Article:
Unsorted Wild Birds

Reddish Hermits

The Reddish Hermits (Phaethornis ruber) – also known as Red-vented or Pygmy Hermit – is a South American Hermit (part of the hummingbird family).

Alternate (Global) Names:

Spanish: Ermitaño Rojizo; French: Ermite rousstre; German: Roter Zwergschattenkolibri; Italien: Colibrì del sole rossastro

Distribution / Range

The Reddish Hermits is found in Bolivia, south Brazil, Suriname, Colombia, Ecuador, Peru, southern and eastern Venezuela, and in the Guianas (Caribbean and Atlantic coasts). Its natural habitats are primarily humid forest and woodland areas. In Suriname, this hermit is often found in savanna forests.

In Brazil, they occur on the Atlantic coastal strip that extends from northeastern states Rio Grande do Norte and Paraíba in the north, to the southern São Paulo state.

They inhabit variety of habitats, including rainforests, wooded savannah, forest edges and thickets. They are often seen near their favored feeding plants, the Heliconia flowers.

They are sedentary throughout their range.

Reddish Hermit feeding

Sub-species & Ranges

    • Phaethornis ruber ruber (Linnaeus, 1758) – Nominate Race
      • Range: Surinam and French Guiana through Brazil to SE Peru and N Bolivia
      • Phaethornis ruber episcopus (Gould, 1857)
        • Range: C and E Venezuela, Guyana and adjacent N Brazil
      • Phaethornis ruber nigricinctus (Lawrence, 1858)
        • Range: Extreme SW Venezuela and E and S Colombia to N Peru
      • Phaethornis ruber longipennis (Berlepsch and Stolzmann, 1902)
        • Range: Southern Peru


The Reddish Hermit is one of the smallest hummingbirds measuring from 7.5 – 9 cm (3 – 3.5 inches) in length and weighing only about 2 grams (0.07 ounces).

The lower back and under plumage are cinnamon rufous colored. The male has a black spot, sometimes extending to a band across his chest. The bill is long with a slight down curve; the base of the lower bill (mandible) is yellow.

Reddish Hermit (Phaethornis ruber)
Reddish Hermit Nest

Nesting / Breeding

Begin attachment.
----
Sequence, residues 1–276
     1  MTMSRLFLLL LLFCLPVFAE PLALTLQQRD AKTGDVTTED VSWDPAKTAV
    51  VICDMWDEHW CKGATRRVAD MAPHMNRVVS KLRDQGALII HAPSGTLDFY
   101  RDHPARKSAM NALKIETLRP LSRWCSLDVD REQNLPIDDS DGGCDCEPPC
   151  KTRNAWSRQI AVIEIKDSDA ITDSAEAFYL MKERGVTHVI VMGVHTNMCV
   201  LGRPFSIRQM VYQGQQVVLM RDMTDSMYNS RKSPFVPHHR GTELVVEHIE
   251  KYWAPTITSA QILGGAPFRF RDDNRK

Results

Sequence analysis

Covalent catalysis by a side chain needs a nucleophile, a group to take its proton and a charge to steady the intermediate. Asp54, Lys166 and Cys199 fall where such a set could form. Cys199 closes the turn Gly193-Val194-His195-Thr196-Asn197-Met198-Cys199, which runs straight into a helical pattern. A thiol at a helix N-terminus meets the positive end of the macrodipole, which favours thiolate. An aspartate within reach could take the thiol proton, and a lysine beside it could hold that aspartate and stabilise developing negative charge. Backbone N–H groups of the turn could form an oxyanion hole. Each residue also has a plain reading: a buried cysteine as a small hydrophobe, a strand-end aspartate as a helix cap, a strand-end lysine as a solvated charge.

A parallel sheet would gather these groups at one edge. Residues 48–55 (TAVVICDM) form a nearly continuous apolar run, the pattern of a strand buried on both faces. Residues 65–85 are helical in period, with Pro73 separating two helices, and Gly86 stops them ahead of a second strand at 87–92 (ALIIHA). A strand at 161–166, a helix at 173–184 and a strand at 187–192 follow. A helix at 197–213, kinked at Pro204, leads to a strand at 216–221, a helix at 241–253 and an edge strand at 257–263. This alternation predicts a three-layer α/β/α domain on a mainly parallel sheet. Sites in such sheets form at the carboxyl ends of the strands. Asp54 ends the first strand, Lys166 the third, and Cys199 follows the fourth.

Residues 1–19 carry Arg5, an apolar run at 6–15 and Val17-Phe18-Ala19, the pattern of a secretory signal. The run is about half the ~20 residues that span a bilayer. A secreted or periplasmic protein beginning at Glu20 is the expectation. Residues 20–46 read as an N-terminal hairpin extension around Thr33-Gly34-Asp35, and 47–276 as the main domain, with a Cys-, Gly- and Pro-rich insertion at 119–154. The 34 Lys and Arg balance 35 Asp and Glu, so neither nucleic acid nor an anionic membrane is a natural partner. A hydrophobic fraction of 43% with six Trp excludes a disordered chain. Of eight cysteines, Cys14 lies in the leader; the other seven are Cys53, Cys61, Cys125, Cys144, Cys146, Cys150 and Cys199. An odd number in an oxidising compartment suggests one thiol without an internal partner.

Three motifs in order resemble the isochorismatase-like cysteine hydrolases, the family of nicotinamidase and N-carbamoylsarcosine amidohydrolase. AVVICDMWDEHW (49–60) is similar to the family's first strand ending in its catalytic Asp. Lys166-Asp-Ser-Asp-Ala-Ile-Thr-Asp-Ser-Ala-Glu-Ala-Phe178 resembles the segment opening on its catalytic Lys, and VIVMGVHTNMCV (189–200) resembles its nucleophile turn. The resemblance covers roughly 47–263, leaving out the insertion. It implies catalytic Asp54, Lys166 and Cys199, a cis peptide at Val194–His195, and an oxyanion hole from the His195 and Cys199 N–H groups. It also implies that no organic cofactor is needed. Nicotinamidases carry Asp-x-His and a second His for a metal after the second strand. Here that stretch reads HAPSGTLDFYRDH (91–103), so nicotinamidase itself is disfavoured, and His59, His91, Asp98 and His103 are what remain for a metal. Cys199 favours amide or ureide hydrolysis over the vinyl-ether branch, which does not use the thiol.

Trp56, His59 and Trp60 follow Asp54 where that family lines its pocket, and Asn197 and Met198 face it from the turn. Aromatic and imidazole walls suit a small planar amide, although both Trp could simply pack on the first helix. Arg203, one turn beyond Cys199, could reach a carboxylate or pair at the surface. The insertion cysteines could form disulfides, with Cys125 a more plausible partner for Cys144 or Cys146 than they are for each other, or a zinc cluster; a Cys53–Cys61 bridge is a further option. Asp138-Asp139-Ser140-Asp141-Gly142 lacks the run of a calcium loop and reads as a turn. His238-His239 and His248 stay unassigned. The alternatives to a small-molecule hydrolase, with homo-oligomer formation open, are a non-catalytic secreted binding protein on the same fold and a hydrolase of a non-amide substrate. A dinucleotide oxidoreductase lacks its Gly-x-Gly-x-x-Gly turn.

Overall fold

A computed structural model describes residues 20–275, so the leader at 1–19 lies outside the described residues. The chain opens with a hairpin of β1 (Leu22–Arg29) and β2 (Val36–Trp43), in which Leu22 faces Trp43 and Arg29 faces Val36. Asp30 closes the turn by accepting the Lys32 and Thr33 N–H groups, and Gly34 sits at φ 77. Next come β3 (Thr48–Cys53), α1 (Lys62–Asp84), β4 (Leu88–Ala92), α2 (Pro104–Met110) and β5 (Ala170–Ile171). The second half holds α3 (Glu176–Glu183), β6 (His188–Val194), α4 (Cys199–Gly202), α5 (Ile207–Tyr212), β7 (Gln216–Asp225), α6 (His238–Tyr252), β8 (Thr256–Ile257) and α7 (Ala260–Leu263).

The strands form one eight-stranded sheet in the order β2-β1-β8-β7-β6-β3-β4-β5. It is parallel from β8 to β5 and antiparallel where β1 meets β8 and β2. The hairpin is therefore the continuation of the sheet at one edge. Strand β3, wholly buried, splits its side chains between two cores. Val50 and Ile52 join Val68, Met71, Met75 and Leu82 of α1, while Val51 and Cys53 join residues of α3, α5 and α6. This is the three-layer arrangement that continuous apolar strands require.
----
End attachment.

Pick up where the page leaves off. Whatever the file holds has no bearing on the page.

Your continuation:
Hummingbirds in general are solitary and neither live nor migrate in flocks; and there is no pair bond for this species – the male’s only involvement in the reproductive process is the actual mating with the female.

As is the case with other hummingbird species, the chicks are brooded only the first week or two, and left alone even on cooler nights after about 12 days – probably due to the small nest size.

The chicks leave the nest when they are 15 – 22 days old, but are still cared for the mother for several days after fledging.

Reddish Hermits
Male Reddish Hermit or Red-vented/Pygmy Hermit (Phaethornis ruber)

Diet / Feeding

The Reddish Hermits primarily feed on nectar taken from a variety of brightly colored, scented small flowers of trees, herbs, shrubs and epiphytes. They favor flowers with the highest sugar content (often red-colored and tubular-shaped).

Hermits are “trap-line feeders”. This feeding techniques – as it relates to hummingbirds – entails visiting plants along a long route (in this case of up to 0.6 miles or 1 km). This differentiates them from most other hummingbird species which generally maintain feeding territories in areas that contain their favorite plants (those that contain flowers with high energy nectar), and they will aggressively protect those areas.

They use their long, straw-like tongues to retrieve the nectar while hovering with their tails cocked upward as they are licking at the nectar up to 13 times per second. Sometimes they may be seen hanging on the flower while feeding.

Hummingbird Resources


Gordon Ramel

Gordon is an ecologist with two degrees from Exeter University. He's also a teacher, a poet and the owner of 1,152 books. Oh - and he wrote this website.

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